May 28, 2015
UNITED STATES OF AMERICA, Plaintiff,
ALBERT HEE, Defendant.
ORDER AFFIRMING MAGISTRATE JUDGE ORDER THAT DENIED REQUEST FOR BILL OF PARTICULARS
Susan Oki Mollway Chief United States District Judge
This case arises out of the Internal Revenue Service’s investigation of Defendant Albert Hee and his companies, Waimana Enterprises, Inc., Clearcom, Inc., and Sandwich Isles Communications, Inc. In the Second Superseding Indictment filed on March 25, 2015, Hee is charged with corrupt interference with the administration of Internal Revenue laws in violation of 26 U.S.C. § 7212(a) and with six counts of filing false tax returns in violation of 26 U.S.C. § 7206(1).
On March 11, 2015, Hee moved for a bill of particulars. Magistrate Judge Richard L. Puglisi orally denied the motion at a hearing held on April 13, 2015. Hee appealed that denial. This court affirms.
Under Criminal Local Rule 57.3(b) and 28 U.S.C. § 636(b)(1)(A), a district judge may set aside a magistrate judge’s nondispositive order if it is “clearly erroneous or contrary to law.” See Bhan v. NME Hosp., Inc., 929 F.2d 1404, 1414-15 (9th Cir. 1991). The threshold of the “clearly erroneous” test is high. “A finding is ‘clearly erroneous’ when although there is evidence to support it, the reviewing court on the entire evidence is left with the definite and firm conviction that a mistake has been committed.” United States v. U.S. Gypsum Co., 333 U.S. 364, 395 (1948); Burdick v. Comm'r Internal Revenue Serv., 979 F.2d 1369, 1370 (9th Cir. 1992) (“A finding of fact is clearly erroneous if we have a definite and firm conviction that a mistake has been committed.”). When reviewing a magistrate judge’s decision, a district judge may not simply substitute his or her judgment for that of the magistrate judge. See Grimes v. City & Cnty. of San Francisco, 951 F.2d 236, 241 (9th Cir. 1991).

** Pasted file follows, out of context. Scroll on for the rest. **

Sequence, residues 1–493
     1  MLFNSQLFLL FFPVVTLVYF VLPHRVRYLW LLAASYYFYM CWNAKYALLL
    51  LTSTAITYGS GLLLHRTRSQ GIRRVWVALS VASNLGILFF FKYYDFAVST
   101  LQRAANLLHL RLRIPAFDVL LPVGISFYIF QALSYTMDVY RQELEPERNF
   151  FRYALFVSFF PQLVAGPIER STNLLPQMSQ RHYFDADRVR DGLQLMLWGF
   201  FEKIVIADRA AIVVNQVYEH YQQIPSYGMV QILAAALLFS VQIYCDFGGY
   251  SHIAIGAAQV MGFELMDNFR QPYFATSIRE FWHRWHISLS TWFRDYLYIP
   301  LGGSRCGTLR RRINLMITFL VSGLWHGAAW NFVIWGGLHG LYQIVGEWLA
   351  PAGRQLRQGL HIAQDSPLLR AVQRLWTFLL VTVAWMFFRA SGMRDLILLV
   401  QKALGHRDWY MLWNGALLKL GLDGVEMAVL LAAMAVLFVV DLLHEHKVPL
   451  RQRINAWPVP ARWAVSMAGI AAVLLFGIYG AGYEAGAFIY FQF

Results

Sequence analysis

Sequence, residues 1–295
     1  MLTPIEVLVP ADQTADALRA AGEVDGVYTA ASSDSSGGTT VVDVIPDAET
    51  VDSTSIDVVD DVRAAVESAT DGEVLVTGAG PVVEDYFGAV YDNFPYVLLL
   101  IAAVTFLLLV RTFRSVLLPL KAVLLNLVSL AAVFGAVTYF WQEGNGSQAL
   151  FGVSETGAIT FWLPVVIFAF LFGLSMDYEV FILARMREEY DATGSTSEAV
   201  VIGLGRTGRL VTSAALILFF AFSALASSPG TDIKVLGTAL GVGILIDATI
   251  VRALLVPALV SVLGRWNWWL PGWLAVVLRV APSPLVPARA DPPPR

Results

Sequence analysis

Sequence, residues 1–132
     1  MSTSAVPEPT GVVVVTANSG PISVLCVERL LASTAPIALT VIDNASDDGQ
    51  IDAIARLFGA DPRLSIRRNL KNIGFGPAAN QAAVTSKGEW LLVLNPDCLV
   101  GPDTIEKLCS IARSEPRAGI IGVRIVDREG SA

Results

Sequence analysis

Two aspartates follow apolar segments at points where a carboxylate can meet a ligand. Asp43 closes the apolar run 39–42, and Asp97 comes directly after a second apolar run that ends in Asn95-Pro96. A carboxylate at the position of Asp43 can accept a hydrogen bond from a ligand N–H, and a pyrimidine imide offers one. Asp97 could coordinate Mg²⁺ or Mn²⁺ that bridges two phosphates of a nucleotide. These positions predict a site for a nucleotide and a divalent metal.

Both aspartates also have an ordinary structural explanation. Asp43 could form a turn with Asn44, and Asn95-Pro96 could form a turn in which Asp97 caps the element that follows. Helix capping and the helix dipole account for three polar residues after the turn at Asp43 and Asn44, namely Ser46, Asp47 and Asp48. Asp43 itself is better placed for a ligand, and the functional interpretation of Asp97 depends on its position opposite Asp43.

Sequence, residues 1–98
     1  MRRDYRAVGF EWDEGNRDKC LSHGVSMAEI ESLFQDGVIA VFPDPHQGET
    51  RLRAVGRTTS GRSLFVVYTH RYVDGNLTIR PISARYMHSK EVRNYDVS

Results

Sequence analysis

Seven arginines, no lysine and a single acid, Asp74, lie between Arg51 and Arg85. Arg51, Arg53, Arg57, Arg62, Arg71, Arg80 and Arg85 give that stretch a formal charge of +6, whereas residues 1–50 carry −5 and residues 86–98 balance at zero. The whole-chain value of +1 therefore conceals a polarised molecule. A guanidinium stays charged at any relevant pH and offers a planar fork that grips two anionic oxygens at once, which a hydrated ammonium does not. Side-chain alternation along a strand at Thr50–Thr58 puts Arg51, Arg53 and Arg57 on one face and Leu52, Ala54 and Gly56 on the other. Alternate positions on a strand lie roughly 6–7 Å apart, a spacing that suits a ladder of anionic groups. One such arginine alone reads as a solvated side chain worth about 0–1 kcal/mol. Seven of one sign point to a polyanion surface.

III. THE MOTION FOR BILL OF PARTICULARS IS DENIED.
Hee seeks a bill of particulars, which is appropriate when a defendant requires clarification of an indictment in order to prepare a defense. United States v. DiCesare, 765 F.2d 890, 897 (9th Cir. 1985). United States v. Long, 706 F.2d 1044, 1054 (9th Cir. 1983); see also Fed. R. Crim. P. 7(f). A bill of particulars is designed to apprise the defendant of the specific charges being presented to minimize the danger of surprise at trial, to aid in preparation for court proceedings, and to protect against double jeopardy. Long, 706 F.2d at 1054; accord United States v. Burt, 765 F.2d 1364, 1367 (9th Cir. 1985). Defendants are not entitled to know all the evidence that the Government intends to produce at trial, only the theory of the Government’s case. United States v. Giese, 597 F.2d 1170, 1181 (9th Cir. 1979). In determining whether a bill of particulars should be ordered in a specific case, courts consider whether the defendant has been advised adequately of the charges through the indictment and all other disclosures made by the government. Full discovery will obviate the need for a bill of particulars. United States v. Mitchell, 744 F.2d 701, 705 (1984); Long, 706 F.2d at 1054.